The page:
After a year of weaning myself off of social media, I decided to see if I was missing anything and impulsively downloaded TikTok. To temper myself, I resolved that I would consider this a self-experiment. If I noticed any negative habits forming, I would nip them in the bud and get rid of the app. I had initially deleted other social apps because of procrastination, but I told myself that this time things would be different. I confess, I had my doubts going in, and long story short… they weren’t.

I spent a week laughing at the never-ending feed of short home-made videos that kept popping up on my screen. However, after a few days of this I began to notice several things.

For starters, my productivity was at an all time low. Any time anything got boring or difficult I’d take a “5-minute break” which easily turned into half an hour if I let it.

On top of that, I could almost feel my dopamine receptors getting used to the instant gratification of overly convenient entertainment at my fingertips. As I became accustomed to constant dopamine hits throughout the day, I could feel my anxiety levels increasing when I wasn’t getting them. This began to make it more difficult for me to enjoy the little things in life.

A European study confirmed my suspicions. They found that social media can mimic the biological symptoms of alcohol and drug addiction. This happens when we use social media, and subconsciously seek a reward, (e.g. likes, views, comments) which releases pleasurable neuro-chemicals into our brain encouraging us to keep using social media. This phenomenon is known as a dopamine loop.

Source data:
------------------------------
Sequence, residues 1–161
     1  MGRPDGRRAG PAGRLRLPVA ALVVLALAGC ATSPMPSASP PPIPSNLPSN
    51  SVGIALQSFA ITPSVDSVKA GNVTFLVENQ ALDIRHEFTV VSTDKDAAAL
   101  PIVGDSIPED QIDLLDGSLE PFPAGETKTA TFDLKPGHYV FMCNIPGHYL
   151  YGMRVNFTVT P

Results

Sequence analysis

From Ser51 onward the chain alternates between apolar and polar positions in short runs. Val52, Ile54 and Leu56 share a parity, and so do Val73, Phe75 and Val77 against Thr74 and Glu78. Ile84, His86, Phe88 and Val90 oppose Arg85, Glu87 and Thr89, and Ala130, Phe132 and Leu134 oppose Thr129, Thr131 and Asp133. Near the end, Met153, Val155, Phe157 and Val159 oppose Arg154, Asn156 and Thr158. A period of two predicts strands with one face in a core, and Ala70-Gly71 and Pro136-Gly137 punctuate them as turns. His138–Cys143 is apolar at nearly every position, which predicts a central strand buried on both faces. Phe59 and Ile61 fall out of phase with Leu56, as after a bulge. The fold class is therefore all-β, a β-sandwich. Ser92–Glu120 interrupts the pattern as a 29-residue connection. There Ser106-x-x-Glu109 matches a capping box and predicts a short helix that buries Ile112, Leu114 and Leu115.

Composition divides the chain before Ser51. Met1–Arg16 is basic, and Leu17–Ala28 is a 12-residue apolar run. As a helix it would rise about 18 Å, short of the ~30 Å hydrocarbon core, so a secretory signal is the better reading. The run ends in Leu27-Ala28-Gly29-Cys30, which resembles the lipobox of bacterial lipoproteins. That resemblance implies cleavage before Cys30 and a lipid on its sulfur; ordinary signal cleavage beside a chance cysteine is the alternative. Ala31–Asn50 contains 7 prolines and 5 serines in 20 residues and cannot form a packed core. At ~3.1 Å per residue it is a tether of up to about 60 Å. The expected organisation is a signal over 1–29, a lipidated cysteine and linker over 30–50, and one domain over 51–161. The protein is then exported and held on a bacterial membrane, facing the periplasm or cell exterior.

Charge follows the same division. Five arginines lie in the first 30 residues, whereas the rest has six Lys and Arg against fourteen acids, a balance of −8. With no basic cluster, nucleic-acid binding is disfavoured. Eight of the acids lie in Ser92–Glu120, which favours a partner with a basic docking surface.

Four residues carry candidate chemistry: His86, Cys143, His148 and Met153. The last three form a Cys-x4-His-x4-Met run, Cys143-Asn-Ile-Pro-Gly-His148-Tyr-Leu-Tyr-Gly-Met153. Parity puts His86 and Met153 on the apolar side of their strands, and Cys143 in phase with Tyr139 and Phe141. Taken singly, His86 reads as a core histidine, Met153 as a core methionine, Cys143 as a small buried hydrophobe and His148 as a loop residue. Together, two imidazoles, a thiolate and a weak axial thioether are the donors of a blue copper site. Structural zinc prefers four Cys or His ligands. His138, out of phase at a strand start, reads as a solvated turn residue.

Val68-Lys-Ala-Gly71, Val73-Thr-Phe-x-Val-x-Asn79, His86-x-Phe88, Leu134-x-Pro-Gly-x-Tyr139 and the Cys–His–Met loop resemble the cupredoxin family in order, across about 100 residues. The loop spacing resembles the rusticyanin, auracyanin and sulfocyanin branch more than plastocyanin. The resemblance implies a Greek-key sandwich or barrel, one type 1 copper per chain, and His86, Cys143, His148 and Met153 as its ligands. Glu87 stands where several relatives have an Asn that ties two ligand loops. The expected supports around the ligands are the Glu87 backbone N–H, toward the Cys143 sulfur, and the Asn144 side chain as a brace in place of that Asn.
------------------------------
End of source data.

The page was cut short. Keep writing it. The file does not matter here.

As the week wore on, the novelty of not knowing what was going to pop up on my feed next began to fade. While it was fun at first, it began to dawn on me that being inundated with a steady drip of viral internet-meme culture was eating away at my individuality by encouraging me to conform to the world I had entered through my phone screen. I began to notice that everyone on TikTok even seemed to talk with the same lingo. Lingo that I rarely heard in the real world.

A study from the University of California found that peer influence is heightened on social media through quantifiable social endorsement. The more attention and “likes” a post gets, the more likely that others will value the posted content and conform to it. This culminates in a herd-like mentality. The study argues this is especially concerning for youths, as peer pressure at this formative age is often associated with risky behaviours. I noticed these effects in myself as a 25-year-old after one week. I can’t even begin to imagine the impact non-stop social media has on a developing 12-year-old brain over the course of several years.

I would be remiss however, if I left this post having only painted a picture of the ills of social media. As history is being written through this pandemic, the likes of which we have never before seen, social media and the technology that supports it has been a blessing. At a time when meeting in person and widespread travel are not always possibilities, we remain more connected than ever. Yet, as we embrace the tools of digital age, we also need to learn how to use and manage them responsibly.

 

Blog post by Oliver Fenske, Volunteer

 

References

Maci̇t, H , Maci̇t, G , Güngör, O . (2018). RESEARCH ON SOCIAL MEDIA ADDICTION AND DOPAMINE DRIVEN FEEDBACK . Mehmet Akif Ersoy Üniversitesi İktisadi ve İdari Bilimler Fakültesi Dergisi , 5 (3) , 882-897 . DOI: 10.30798/makuiibf.435845

O’Brien, M., Moore, K., & McNicholas, F. (2020). Social media spread during Covid-19: the pros and cons of likes and shares. Ir Med J, 113(4), 52.

Sherman, L. E., Payton, A. A., Hernandez, L. M., Greenfield, P. M., & Dapretto, M. (2016). The Power of the Like in Adolescence: Effects of Peer Influence on Neural and Behavioral Responses to Social Media. Psychological Science, 27(7), 1027-1035. doi:10.1177/0956797616645673